A black seal to the left of the portrait bears the name and corresponding letter of the distributing Federal Reserve Bank.
A green seal to the right of the portrait represents the U.S. Department of the Treasury. The design of the seal was changed to incorporate an English inscription and appears on all Federal Reserve notes of the 1969 series year or later.
The $1 note features a portrait of George Washington on the front of the note and an image of the Great Seal of the United States on the back of the note.
A combination of eleven numbers and letters appears twice on the front of the note.
The $1 Federal Reserve note was issued in 1963, and its design—featuring President George Washington and the Great Seal of the United States—remains unchanged.
In order to finance the Civil War, Congress authorizes the U.S. Department of the Treasury to issue non-interest-bearing Demand Notes. These notes earn the nickname “greenbacks” because of their color. All U.S. currency issued since 1861 remains valid and redeemable at full face value.
The Foundation of Modern Design
By 1862, the Demand Notes incorporate fine-line engraving, intricate geometric lathe work patterns, a U.S. Department of the Treasury seal, and engraved signatures to aid in counterfeit deterrence. To this day, U.S. currency continues to add features to deter counterfeiting.
United States Notes
Congress authorizes a new class of currency, known as “United States notes,” or “Legal Tender notes.” These notes are characterized by a red seal and serial number. They continue to circulate until 1971.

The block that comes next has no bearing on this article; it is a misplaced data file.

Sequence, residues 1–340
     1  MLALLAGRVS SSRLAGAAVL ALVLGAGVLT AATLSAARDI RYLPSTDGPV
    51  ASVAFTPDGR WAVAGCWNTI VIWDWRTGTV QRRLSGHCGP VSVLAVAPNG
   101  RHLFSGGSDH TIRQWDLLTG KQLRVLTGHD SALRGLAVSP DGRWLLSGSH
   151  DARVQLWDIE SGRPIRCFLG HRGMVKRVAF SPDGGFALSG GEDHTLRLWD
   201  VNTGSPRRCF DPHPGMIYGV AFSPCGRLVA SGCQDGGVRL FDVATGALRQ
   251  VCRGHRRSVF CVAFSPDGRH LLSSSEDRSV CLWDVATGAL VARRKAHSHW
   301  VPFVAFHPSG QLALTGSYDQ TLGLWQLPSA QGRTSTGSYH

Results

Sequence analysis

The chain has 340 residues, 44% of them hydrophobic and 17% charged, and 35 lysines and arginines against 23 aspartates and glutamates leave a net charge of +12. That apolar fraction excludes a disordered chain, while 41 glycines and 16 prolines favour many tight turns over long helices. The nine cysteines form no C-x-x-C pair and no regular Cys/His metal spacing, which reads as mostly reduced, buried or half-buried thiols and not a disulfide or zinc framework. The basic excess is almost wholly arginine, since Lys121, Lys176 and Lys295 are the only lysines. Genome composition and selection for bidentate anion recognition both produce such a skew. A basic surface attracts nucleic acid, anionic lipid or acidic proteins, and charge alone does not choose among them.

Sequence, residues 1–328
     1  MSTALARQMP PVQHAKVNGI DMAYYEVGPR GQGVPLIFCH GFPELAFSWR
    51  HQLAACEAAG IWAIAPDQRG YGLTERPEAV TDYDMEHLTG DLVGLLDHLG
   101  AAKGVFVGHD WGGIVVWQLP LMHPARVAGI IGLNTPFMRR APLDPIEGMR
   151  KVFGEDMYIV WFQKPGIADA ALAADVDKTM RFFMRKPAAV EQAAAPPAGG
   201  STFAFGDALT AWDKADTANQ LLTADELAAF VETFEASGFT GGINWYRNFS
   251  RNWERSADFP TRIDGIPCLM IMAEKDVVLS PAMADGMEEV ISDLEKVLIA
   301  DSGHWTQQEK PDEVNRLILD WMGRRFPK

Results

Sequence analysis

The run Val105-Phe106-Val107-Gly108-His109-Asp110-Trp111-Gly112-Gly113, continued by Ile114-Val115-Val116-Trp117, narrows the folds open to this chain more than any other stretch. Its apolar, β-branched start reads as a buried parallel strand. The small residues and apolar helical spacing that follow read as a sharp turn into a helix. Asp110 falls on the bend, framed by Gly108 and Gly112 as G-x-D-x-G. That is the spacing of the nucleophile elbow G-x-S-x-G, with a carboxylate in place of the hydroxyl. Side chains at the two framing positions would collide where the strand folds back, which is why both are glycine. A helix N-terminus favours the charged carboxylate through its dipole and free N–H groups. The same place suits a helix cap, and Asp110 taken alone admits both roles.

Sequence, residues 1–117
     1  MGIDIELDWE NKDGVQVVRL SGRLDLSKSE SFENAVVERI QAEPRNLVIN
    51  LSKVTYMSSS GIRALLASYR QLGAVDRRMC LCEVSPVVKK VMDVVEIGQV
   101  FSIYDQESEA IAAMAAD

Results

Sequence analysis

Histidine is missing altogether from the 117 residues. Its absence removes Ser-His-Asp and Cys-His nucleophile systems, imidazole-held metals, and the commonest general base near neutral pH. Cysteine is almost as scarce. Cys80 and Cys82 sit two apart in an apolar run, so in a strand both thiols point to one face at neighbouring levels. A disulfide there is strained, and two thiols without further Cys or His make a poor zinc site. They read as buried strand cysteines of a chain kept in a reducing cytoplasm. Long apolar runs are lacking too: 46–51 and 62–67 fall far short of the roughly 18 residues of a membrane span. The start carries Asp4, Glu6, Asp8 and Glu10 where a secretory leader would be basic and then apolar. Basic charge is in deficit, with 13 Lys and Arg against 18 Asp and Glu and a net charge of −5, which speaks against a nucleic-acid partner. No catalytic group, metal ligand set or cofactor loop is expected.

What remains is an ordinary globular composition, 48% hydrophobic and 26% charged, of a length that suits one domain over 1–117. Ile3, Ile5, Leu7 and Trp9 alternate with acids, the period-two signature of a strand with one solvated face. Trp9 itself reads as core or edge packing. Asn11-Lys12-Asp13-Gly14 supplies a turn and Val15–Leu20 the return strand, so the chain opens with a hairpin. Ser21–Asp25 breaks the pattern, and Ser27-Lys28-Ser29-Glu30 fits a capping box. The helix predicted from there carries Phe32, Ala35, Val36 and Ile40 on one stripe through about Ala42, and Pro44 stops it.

Centralized Printing of United States Notes
The Bureau of Engraving and Printing begins engraving and printing the faces and seals of U.S. banknotes. Before this, U.S. banknotes were produced by private banknote companies and then sent to the Bureau of Engraving and Printing for sealing, trimming, and cutting.
Names Added to Portraits
Legislation mandates that all banknotes and other securities containing portraits include the name of the individual below the portrait. This is why you see names below the portraits on banknotes to this day.
Federal Reserve Act
The Federal Reserve Act of 1913 establishes the Federal Reserve as the nation’s central bank and provides for a national banking system that is more responsive to the fluctuating financial needs of the country. The Federal Reserve Board issues new currency called Federal Reserve notes.
Standardization of Design
The appearance of U.S. banknotes changes greatly in 1929. In an effort to lower manufacturing costs, all Federal Reserve notes are made about 30 percent smaller—measuring 6.14 x 2.61 inches, rather than 7.375 x 3.125 inches. In addition, standardized designs are instituted for each denomination, decreasing the number of designs in circulation and making it easier for the public to distinguish between genuine and counterfeit notes.
"In God We Trust"
Following a 1955 law requiring “In God We Trust” on all currency, the motto first appears on banknotes on series 1957 $1 silver certificates, then on 1963 series Federal Reserve notes.
United States Notes Discontinued
Because United States notes no longer served any function not already adequately met by Federal Reserve notes, their issuance was discontinued and, beginning in 1971, no new United States notes were placed into circulation.